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Jun 30, 2020
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Found a relationship between stroke and intestinal microbiome

Substances produced by bacteria may be associated with the likelihood of developing vascular anomalies.

In animal studies, scientists have already shown that substances that secrete intestinal bacteria can enter the brain with blood and cause pathologies in its vessels. Now, for the first time, scientists have found a direct relationship between the risk of hemorrhagic stroke and intestinal microbiome in humans. New study published in The bonds of nature,

Scientists have collected fecal tests in more than 100 patients with cavernous angioma. This is vascular malformation (defect, anomaly) that occurs in approximately 0.5% of people. It can cause epileptic seizures and cerebral hemorrhages (hemorrhagic strokes). There is evidence that such angiomas appear in people aged 30-50 years.

It turned out that the presence of angiomas in the brain is closely related to certain indicators of the intestinal microbiome. Among the main characteristics, scientists called the number Odoribacter splanchnicus above average and reduced concentrations Faecalibacterium prausnitzii and Bifidobacterium,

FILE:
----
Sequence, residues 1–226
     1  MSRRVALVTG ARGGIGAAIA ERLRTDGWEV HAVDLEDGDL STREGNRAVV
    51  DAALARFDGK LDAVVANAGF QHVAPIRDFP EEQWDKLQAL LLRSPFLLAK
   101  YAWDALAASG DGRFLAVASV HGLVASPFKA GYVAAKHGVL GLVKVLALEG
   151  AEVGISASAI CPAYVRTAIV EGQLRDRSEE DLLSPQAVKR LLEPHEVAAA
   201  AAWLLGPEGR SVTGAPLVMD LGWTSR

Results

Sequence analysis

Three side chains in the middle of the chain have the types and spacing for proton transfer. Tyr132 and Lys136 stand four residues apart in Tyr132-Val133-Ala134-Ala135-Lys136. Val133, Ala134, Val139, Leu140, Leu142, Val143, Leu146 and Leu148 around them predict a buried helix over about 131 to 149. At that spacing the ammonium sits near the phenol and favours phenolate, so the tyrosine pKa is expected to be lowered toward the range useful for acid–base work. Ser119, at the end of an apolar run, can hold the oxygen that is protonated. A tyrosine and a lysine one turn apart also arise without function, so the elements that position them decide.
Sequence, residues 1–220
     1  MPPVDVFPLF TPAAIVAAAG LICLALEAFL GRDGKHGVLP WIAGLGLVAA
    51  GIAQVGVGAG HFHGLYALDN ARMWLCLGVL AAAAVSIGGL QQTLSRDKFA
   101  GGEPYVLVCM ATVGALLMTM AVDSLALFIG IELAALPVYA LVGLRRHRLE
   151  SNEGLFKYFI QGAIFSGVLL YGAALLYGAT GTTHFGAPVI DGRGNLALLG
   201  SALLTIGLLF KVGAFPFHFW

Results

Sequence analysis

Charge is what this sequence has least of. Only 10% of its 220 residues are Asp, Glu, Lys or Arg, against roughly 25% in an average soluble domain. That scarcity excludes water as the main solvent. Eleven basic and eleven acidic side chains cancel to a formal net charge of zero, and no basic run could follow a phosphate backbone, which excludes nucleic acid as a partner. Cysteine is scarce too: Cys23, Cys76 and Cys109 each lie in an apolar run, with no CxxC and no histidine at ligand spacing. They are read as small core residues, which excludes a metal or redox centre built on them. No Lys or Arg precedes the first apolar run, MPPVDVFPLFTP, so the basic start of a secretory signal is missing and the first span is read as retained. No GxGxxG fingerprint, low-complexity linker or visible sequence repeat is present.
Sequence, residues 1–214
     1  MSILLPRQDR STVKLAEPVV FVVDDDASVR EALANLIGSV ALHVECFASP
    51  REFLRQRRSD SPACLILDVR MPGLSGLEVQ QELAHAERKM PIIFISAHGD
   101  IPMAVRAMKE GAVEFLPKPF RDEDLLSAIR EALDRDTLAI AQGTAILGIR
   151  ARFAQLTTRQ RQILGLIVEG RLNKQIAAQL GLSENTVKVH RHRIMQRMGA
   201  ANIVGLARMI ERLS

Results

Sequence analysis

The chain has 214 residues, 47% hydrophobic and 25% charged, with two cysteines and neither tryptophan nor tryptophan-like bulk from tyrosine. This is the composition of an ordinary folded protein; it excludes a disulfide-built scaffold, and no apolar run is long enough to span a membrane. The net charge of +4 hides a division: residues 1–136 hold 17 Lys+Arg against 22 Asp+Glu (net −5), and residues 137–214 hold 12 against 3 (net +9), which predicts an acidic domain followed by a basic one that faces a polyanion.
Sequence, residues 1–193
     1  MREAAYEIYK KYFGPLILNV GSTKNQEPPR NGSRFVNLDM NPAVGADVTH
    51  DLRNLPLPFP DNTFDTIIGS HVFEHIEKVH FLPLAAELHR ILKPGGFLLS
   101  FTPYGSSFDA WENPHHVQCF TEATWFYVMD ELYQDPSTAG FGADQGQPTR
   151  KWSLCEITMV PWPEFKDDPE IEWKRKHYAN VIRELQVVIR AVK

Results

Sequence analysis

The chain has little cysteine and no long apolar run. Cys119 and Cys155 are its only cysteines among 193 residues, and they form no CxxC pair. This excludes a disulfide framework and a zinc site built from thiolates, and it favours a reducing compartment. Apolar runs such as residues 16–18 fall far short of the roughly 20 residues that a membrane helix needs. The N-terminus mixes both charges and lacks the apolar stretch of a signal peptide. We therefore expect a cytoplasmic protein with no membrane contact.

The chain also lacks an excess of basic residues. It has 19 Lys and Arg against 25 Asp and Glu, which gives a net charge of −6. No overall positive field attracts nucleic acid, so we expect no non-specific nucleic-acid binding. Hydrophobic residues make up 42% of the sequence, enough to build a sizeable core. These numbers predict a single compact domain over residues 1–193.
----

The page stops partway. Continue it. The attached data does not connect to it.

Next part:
Patients with cavernous angioma, regardless of how they took the material for the study, had a similar microbiome, said Issam Awad, professor at the University of Chicago, co-author of the study. This did not depend on whether the angiomas in the study participants were a product of hereditary mutations or if they were sporadic cases.

Further analysis showed that the concentration of certain substances in the body depends on the microbiome. Scientists have discovered increased synthesis of certain lipopolysaccharides in people whose microbiome is associated with cavernous angioma. Before that, scientists discovered a similar phenomenon in mice. In animal studies, it was shown that such molecules are introduced into the brain with blood flow and stimulate the development of cavernous angiomas.

It is noteworthy that the analysis of bacterial populations in the intestine and the measurement of the level of certain biomarkers in the blood in the framework of this study gave tremendous accuracy in diagnosing the severity of cavernous angioma.

Scientists do not expect that in the near future there will be a probiotic or antibiotic that can help in the treatment of this condition. They fear that the action of such substances may spread beyond the necessary strains of bacteria. Therefore, it is now impossible to fully predict the effects of such treatment.



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